Beltaine sits opposite the Wheel from Samhain. It is the opposite side of the coin. It is a time of great energy, life bursting into bloom, everything exploding. Everything about this festival is associated with energy increasing. Action instead of rest, outer work instead of inner work, fertility instead of fallowness, mating and creation instead of death. The two strongest Beltaine images are the Balefire and the Maypole. The Balefire is the new fire, the new fire of life. Fire transforms and is a symbol for passion and the creativity of life. People jump the Balefire for luck, for love, for change, for creativity. In the old days, cows were driven between two Balefires (bonfires) for fertility and productivity. People would dance around the fire and then partner off and disappear for a night of unabashed coupling. Children born from these matings were considered children of the gods. The Maypole is a strong symbol of life and love. A deep hole is dug into the earth and the pole is set into it (a rather obvious symbol, this). The pole is draped with ribbons. People grasp the ends of the ribbons, women facing one way and men facing the other, and they dance around the pole, bobbing up and down, weaving the ribbons together and around the pole until the pole is covered. It is fun, exhilarating, and energizing. The Lady is represented by the Queen of the May, the Maiden, and her consort is the Green Man, Jack of the Green, the Hooded Man, Robin Hood. The Horned God retreats into the forest until the twilight of the year, for this is the time of new, fresh, green and growing things.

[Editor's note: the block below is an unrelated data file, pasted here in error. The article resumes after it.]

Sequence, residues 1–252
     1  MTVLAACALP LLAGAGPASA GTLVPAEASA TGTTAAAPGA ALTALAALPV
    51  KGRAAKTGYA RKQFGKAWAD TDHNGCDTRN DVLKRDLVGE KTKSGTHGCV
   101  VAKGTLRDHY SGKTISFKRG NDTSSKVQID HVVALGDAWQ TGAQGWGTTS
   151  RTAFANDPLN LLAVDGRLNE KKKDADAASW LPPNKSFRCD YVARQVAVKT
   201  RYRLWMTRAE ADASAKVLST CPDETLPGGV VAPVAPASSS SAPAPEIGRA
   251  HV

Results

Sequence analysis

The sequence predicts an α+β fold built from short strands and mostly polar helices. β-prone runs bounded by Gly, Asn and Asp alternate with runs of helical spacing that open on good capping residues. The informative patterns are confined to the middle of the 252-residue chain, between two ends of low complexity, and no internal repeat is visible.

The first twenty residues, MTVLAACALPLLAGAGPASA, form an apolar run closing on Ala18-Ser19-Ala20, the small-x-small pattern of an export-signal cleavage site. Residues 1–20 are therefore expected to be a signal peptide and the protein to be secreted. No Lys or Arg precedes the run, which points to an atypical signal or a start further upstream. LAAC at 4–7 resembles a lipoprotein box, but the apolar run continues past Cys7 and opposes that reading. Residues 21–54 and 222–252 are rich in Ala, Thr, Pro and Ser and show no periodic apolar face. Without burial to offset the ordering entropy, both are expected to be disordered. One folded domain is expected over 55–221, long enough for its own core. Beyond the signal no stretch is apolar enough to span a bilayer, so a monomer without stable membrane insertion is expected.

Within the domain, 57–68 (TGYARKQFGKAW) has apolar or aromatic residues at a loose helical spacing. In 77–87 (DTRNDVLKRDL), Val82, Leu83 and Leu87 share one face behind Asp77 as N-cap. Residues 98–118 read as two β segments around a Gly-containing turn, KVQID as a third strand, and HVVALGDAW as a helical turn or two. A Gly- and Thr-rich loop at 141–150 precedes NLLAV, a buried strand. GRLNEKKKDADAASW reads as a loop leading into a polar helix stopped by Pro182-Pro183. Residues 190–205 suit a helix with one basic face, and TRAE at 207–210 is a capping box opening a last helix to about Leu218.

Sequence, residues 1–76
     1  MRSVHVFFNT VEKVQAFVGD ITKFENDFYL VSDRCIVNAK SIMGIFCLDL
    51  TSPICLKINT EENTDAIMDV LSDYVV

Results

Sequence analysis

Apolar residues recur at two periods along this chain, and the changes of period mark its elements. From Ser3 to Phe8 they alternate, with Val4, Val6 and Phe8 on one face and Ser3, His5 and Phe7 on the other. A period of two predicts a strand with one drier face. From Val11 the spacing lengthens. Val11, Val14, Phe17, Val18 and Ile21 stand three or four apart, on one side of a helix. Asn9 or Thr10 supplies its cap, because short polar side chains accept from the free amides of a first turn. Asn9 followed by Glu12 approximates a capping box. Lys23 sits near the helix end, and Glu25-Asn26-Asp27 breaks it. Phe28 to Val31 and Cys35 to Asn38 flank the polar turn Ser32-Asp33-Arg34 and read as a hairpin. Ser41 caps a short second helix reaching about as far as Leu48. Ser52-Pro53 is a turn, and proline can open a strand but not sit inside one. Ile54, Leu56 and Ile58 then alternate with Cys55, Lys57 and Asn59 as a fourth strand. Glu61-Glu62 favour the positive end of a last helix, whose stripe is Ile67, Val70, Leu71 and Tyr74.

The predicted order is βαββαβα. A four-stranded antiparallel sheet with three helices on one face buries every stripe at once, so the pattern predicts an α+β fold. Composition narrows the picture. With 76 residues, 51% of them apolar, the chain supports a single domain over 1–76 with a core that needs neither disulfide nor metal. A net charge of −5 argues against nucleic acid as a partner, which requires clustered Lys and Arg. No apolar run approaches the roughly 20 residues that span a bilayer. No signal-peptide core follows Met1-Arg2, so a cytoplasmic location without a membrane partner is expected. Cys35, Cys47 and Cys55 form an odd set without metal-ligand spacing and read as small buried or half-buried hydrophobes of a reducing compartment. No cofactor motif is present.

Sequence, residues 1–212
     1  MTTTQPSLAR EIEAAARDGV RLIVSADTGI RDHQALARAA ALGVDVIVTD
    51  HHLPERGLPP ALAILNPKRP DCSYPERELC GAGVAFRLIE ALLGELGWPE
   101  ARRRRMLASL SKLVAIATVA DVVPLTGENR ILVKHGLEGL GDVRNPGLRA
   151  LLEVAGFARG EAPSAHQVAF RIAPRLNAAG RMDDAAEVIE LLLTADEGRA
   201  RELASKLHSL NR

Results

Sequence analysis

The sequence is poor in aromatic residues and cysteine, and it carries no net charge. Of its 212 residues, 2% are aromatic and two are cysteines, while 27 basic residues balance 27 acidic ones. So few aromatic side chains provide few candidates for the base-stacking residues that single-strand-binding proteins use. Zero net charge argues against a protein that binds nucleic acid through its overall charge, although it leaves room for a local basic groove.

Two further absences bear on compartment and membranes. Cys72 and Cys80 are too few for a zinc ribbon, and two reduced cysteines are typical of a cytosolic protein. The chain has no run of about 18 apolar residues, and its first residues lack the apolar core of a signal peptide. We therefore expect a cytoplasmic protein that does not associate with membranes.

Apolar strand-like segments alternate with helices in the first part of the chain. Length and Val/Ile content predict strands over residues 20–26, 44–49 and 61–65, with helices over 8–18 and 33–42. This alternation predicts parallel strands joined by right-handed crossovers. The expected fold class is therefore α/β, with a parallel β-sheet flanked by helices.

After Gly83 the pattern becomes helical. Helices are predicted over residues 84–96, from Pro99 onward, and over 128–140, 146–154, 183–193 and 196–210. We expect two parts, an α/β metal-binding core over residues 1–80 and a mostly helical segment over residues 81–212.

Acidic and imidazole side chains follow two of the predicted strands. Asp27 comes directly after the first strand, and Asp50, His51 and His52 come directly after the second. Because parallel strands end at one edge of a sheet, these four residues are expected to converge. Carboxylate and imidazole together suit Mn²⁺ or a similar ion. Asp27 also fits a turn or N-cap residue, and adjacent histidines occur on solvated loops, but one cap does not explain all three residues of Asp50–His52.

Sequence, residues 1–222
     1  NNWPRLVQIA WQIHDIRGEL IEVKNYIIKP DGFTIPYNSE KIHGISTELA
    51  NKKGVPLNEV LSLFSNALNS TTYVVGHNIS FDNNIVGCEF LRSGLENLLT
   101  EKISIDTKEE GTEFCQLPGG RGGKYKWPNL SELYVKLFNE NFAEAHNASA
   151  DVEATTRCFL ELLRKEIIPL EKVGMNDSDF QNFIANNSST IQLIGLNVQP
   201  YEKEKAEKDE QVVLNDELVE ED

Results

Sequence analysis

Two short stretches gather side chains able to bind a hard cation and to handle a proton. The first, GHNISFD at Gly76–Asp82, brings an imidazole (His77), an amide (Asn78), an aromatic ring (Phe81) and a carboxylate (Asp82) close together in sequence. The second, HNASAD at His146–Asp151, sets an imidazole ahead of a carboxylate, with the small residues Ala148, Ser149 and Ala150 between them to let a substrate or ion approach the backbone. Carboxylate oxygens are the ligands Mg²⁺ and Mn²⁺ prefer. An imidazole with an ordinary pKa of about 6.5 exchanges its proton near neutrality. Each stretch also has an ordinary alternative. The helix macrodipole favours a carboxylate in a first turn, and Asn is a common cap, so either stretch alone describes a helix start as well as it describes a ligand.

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We are all saddened by the loss to our community. The Universalist Unitarian Church of East Lansing will be honoring Chris Keith on Sunday 9 December:
The Universalist Unitarian Church of East Liberty will be having a special time during this Sunday's service at 11:00 for honoring our former members, Chris Keith and Isaac Miller. The Sunday service will feature a holiday children's program for the bulk of the service, based on a Lemony Snicket story. The children will be dismissed from the service, unless parents wish for their children to stay, and then we will have a brief time which will feature a candle-lighting, a time of silence, and a special collection for the memorial fund that has been set up to help support Chris Keith's three surviving children, age 4, 6, and 8. We will have literature on hand about how to talk to children, about tragedy, and other related literature.
Following the service, a trained psychologist will meet as a group with people who wish to process deeper feelings about these tragic deaths.
Next week's service at UUCEL is titled "In the Bleak Midwinter" and focuses on the sadness of the winter season. The service is still being shaped, but may include a section in honor of Chris Keith and Isaac Miller, as well as honoring the one-year anniversary of the school shooting in Newtown, CT.